Thursday, September 22, 2011

McDonald's Open Doors 2011

You're hungry and the smell of the famous McDonald's fries wafted out from your nearby outlet. Drive-thru is even available lateeeee in the night because it's 24/7!

May I take your order, sir?

McDonald's is my favorite fast food restaurant, what's yours?

Two Saturdays ago, I attended McDonald's Open Doors 2011. It's the first time I've ever heard of one, but apparently this initiative has been around since 2009. A group of us bloggers were invited to join the crew behind the counter and take a look at what goes on around in the kitchen (and more). More importantly, we were shown how the foods are stored, prepared and served.

The tour began with the fries station. Frozen fries are dispensed from the machine, then brought to the frying err, sink? We saw how the crispy fries were prepared, and later after the tour enjoyed a big packet of the cheese shaker fries. YUMS.

Customers can request for salt-free fries!

McDonald's had implemented a new "Made-For-You" kitchen system in order to serve fresh food. Orders are taken at the counter and sent to the TV in the kitchen. When the staff members receive the order, they will repeat the order out loud before proceeding with the order.

Packed sesame buns

Putting in the beef patty

18 seconds and done!

This station is where the patties are cooked. One station for beef, the other for chicken. The staff member gave a demonstration of how a beef patty is grilled, in exactly 18 seconds. And according to them, the beef we eat at McDonald's has always been made with zero additives and fillers. With a dash of salt and pepper, your Quarter Pounder with Cheese is where you'll find your juicy red meat.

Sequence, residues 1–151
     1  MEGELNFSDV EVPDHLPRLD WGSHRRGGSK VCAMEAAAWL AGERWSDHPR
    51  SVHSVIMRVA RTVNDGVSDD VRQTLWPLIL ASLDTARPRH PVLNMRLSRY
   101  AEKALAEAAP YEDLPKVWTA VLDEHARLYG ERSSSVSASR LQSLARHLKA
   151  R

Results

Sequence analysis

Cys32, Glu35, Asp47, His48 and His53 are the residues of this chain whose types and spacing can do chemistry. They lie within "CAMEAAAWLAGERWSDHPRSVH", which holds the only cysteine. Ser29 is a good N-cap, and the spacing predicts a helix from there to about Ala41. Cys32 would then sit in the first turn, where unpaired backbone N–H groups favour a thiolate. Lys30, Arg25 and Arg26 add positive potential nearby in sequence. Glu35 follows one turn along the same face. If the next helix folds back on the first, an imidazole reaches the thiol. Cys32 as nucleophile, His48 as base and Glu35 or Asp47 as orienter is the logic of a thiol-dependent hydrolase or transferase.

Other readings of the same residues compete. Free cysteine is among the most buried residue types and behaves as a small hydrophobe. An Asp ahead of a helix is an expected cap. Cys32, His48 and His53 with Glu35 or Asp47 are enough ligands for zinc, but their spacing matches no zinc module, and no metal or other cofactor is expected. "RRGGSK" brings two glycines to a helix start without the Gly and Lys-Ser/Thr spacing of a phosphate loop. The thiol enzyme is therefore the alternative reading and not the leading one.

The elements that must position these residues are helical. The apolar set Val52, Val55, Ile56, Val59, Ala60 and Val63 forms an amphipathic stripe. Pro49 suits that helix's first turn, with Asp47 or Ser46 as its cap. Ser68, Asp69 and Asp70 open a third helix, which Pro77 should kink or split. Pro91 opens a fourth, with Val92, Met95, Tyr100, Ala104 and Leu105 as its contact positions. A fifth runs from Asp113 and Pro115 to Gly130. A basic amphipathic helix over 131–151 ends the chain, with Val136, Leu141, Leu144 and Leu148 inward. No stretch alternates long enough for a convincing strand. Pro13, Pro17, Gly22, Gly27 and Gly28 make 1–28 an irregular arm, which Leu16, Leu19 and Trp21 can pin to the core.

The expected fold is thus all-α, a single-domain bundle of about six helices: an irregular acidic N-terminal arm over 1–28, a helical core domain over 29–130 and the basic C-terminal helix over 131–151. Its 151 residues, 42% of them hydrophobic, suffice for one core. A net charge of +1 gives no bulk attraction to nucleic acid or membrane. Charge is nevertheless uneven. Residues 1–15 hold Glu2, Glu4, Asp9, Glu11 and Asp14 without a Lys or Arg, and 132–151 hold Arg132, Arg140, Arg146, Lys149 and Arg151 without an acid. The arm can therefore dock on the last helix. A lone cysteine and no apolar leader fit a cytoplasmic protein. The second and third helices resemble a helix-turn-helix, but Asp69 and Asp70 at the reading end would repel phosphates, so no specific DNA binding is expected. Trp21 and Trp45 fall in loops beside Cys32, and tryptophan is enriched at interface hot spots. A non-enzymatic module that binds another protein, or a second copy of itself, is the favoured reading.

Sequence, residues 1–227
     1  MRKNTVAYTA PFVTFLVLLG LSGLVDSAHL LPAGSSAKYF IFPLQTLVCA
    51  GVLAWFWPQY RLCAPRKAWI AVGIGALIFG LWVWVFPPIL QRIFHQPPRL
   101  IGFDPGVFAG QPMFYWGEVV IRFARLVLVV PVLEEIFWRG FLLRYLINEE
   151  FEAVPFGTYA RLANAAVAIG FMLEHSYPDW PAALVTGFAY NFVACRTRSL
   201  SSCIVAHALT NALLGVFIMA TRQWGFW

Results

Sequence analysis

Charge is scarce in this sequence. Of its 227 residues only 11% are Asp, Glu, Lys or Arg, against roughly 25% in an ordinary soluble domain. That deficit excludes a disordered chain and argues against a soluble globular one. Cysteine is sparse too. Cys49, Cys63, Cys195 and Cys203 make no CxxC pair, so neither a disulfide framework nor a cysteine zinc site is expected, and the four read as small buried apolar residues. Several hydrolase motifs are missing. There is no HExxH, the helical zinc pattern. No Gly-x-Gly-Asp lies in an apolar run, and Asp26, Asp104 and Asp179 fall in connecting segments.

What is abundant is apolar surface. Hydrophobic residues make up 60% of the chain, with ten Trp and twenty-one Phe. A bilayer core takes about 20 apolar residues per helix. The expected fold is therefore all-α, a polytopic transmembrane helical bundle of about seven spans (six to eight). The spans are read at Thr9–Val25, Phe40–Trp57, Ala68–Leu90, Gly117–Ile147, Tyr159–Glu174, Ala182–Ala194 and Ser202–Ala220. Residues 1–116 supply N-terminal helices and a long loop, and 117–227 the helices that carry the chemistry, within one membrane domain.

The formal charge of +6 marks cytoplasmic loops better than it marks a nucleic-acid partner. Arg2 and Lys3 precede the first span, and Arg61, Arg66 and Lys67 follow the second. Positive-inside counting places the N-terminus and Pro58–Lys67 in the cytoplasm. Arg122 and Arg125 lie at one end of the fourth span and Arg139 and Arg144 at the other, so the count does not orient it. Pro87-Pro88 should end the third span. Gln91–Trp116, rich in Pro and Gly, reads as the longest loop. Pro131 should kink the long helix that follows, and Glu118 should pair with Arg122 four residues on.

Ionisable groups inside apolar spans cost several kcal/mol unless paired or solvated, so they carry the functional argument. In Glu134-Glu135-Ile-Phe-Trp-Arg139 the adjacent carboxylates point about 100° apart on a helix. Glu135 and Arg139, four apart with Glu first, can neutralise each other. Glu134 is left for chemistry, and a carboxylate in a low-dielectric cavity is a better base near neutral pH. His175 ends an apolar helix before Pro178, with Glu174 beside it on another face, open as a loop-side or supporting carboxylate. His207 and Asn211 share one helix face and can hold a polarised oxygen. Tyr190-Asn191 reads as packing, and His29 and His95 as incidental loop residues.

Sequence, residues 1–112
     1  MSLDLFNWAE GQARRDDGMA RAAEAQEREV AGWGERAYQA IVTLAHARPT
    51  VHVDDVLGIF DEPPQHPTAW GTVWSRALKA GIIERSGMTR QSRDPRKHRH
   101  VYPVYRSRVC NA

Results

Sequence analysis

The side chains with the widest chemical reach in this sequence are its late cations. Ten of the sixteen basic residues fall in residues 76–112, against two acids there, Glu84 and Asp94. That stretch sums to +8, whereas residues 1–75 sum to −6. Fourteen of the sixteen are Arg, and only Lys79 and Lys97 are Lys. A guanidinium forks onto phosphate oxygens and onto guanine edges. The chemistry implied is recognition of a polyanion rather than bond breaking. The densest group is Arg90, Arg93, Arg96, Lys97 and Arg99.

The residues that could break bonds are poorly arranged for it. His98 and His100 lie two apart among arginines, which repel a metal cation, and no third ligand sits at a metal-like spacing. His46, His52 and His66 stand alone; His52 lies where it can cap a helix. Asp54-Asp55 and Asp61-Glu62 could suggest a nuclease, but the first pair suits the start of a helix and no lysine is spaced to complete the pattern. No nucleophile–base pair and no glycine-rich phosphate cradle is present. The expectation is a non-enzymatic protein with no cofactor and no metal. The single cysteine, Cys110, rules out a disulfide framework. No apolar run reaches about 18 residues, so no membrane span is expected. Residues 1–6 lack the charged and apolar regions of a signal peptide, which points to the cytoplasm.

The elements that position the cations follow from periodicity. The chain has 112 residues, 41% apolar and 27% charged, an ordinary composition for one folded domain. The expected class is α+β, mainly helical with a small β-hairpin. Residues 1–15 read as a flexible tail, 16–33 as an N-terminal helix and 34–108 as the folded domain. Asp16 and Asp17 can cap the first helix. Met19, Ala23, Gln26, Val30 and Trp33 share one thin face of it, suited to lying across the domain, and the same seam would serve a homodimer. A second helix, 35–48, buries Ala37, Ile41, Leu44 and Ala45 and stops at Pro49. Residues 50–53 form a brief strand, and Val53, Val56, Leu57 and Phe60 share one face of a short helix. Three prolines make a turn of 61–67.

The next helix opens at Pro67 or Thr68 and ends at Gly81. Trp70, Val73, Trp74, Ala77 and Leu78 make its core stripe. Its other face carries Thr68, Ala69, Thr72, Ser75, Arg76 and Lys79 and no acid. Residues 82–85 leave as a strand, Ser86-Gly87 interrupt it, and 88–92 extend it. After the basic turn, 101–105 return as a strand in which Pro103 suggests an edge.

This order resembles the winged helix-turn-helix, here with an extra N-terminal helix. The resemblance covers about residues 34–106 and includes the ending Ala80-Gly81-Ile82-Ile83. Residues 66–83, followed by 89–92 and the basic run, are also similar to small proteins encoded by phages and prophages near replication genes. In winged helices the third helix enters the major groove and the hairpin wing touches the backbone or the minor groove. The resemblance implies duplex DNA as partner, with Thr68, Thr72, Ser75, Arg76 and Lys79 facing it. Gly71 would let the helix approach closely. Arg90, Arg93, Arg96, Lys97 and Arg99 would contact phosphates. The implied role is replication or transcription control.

When handling raw and cooked foods, the staff wear different colored gloves and use separate utensils. This machine (heater?) helps keep the food warm before making into a burger at the station.

Check out the all the neatly arranged boxes and sauces! 

I wish they would give me more veggie *coughs* hint *coughs* for my next McD trip.

We then proceed downstairs to the storage rooms and saw sourdough bread ~

The freezer is kept at -20 degrees Celsius and we went inside to get a 'feel'.

Let's take look inside.

Where the frozen foods are kept.

I felt a little peeved by something. As much as McD promise the quality of their eggs (washed, sanitized and certified), do you know that the eggs in the Big Breakfast come from these carton eggs that were stored in the cold storage?

The hotcakes, corn and salad were also stored in the refrigerator.

Also, I didn't expect to see dehydrated onions! Those juicy ringlets on the burgers shown in the ad aren't freshly sliced onions. :(

Nevertheless, the storage rooms were very clean and tidy. There are numerous safety and quality checks in the kitchen and there is no doubt that the food is safe for consumption. :)

Moving on, we went into the crew room where staff members take their breaks. I find the room a little small, and sadly, the TV in the room is not for them to watch at leisure. There was an info-mercial on how to serve the customers on loop. The crew is entitled to free meals, but only from the McD's menu. Really, every day???

 The walls were plastered with service milestones, monthly sales target, employee of the month etc. They also had a reward system to encourage their employees.

This tour took place at the McDonald's @ King Albert Park. We were seated and served the favorites. I started with corn and milo, then I couldn't resist...


And the new Horlicks McFlurry!!!

Four of us girls shared a packet of large cheese fries. I could have wanted more if I didn't have lunch before that! I'm lovin' it. Hehe.

Fresh, piping hot apple pie!

We were told that the vegetable oil McDonald's use is free from trans fat and cholesterol. Yes, I see that eyebrow raising. But if you don't believe it, you can always join this open kitchen tour and see it for yourself!